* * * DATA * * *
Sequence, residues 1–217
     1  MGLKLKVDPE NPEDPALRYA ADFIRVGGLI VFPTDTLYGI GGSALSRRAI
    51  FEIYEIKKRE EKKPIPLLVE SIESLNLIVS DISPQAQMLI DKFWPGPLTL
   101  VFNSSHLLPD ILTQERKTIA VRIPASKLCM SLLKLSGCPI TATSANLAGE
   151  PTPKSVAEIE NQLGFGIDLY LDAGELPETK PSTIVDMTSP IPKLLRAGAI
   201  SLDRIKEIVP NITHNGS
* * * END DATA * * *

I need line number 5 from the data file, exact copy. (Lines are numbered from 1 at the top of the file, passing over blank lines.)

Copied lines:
   151  PTPKSVAEIE NQLGFGIDLY LDAGELPETK PSTIVDMTSP IPKLLRAGAI